Do you think that maybe there's a correlation there between playing disciplined and smart football and the won-loss record?
And if the penalties aren't enough to convince you that there was a problem last year, when was the last time the Giants offense and defense ranked in the top-10 league-wide in any of the major statistical categories commonly associated with winning football?
(Spoiler alert: It wasn't last year.)
If there's one thing we're learning about Judge, it's that "Meticulous" is his middle name.
"Everything we do has purpose, and we're very intent on explaining to our team why we're doing things we're doing. I'm a big believer in educating our team in why we're doing things that we're not just blindly out there winging it, trying to go ahead and force punishment," Judge said after the team concluded an intense and physical practice Tuesday evening.
"I explained the other day that when you make mistakes on the field, there are consequences. In the game, it's penalty yards. At practice, we have to understand there are consequences for mistakes. This isn't a punishment; it's a reminder that we have to draw our attention and be more detailed in how we approach them."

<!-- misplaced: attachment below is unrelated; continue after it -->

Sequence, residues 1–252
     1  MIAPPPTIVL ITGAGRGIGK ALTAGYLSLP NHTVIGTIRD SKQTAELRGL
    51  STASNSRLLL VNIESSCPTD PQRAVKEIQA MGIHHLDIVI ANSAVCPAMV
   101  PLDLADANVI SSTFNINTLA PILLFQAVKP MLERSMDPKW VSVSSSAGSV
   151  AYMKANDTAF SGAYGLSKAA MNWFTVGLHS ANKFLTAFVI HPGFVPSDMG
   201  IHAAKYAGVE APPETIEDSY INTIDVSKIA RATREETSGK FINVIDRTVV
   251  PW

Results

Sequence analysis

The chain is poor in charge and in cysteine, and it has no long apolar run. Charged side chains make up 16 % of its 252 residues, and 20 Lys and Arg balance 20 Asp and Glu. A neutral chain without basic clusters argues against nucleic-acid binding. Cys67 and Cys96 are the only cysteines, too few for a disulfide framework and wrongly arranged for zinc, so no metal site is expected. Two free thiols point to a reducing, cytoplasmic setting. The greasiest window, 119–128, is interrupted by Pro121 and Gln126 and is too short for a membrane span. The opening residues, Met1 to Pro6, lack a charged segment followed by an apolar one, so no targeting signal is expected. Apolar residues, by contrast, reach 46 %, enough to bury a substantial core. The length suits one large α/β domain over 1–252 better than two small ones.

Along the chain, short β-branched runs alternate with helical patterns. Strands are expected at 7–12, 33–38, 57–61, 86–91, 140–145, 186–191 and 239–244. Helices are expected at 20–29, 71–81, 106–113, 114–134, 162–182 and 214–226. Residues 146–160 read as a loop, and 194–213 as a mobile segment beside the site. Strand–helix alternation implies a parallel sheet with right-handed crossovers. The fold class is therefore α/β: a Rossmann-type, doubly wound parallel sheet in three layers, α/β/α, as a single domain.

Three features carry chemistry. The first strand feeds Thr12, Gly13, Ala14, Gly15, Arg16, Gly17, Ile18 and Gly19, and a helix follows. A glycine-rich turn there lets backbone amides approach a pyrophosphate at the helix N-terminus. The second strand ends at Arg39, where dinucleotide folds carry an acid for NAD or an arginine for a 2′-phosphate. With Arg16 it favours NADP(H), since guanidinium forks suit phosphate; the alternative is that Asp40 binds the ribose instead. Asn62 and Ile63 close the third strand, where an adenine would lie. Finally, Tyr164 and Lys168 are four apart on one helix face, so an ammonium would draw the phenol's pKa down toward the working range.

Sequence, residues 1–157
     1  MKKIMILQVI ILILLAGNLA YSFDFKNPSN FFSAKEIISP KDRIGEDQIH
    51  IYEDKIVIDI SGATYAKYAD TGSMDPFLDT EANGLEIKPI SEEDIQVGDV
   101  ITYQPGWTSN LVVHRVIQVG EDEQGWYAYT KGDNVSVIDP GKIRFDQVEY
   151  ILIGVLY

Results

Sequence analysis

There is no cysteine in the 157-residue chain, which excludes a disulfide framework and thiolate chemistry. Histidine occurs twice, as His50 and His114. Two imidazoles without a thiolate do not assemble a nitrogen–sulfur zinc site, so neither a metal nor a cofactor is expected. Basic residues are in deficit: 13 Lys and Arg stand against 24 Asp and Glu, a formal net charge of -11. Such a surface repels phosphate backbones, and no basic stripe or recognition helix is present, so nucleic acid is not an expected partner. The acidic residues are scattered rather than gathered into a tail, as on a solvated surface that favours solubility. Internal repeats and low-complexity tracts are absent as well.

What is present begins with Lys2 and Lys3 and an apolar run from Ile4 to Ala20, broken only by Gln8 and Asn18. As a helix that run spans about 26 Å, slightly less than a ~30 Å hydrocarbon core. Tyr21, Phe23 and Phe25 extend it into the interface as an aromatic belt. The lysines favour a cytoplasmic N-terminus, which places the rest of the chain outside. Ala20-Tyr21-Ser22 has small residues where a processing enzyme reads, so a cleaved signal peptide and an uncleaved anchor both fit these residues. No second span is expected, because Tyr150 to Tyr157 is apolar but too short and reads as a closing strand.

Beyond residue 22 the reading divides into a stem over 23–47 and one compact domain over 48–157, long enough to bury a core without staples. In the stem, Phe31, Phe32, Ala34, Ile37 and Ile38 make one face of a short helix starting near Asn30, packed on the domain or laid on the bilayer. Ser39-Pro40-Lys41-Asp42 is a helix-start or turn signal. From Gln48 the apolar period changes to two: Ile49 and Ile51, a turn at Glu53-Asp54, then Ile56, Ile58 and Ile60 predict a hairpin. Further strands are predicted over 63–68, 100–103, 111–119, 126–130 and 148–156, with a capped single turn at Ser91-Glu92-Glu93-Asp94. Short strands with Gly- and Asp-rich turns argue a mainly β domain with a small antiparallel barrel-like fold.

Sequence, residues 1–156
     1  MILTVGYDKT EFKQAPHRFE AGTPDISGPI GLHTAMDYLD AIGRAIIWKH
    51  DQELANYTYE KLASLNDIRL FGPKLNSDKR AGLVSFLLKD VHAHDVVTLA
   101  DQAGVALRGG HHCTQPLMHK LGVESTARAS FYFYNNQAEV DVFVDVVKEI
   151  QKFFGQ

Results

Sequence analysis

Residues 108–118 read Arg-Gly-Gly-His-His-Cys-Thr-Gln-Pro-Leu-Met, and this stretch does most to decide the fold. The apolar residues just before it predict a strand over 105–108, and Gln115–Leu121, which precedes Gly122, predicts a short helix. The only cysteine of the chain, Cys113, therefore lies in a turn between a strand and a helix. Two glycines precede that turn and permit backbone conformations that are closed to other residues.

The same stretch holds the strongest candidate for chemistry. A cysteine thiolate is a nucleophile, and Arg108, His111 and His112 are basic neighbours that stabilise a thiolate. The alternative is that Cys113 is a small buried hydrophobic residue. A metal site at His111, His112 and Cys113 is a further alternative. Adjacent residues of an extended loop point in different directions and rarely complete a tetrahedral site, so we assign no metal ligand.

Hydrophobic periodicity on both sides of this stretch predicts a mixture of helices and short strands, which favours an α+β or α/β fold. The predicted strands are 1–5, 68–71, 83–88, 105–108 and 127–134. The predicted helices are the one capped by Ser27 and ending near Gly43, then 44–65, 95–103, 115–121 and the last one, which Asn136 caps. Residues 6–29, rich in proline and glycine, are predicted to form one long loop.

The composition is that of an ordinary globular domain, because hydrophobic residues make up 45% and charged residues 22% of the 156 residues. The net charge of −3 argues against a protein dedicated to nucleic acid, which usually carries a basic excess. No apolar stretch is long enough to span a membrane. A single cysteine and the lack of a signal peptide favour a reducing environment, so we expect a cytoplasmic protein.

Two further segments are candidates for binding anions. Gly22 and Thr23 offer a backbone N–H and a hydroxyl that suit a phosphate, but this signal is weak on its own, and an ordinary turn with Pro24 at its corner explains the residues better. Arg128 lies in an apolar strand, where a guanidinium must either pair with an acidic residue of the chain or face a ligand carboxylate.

Judge is doing everything possible to ensure that these players learn what it takes to win. That means focusing on the most minute detail that many of us wouldn't even give a second thought.
And if that means having a guy run a lap because he made a mental error, then so be it.
What Judge is looking for, besides players who are looking to be coached and willing to pay attention to the smallest detail, is, in his words, "simple."
"Do your job to the best of your ability. Put the team first with every decision you make," he said. "We don't have to overcomplicate it. Put the team first and come to work every day and do what's asked to do the best they can. That's it."
"It's not easy to play this league, but it's simple," Judge added. "And that's all we're asking you to do every day."
Coach Hard, Play Hard
Judge was seen coaching star running back Saquon Barkley extra hard during Tuesday's practice, which raised some eyebrows given how hard and detailed oriented Barkley already is.
"Look, we coach everyone the same. We're trying to demand the best out of everybody and make them improve every day. We're not letting details slip," Judge said.
"We have to have guys who have thick skin and understand we have to operate in a high-pressure situation. So we can't go out there on the practice field and just sing kumbaya together and think we're at a dance."
Thus far, the players seem to be handling the high-pressure situation well, according to Judge.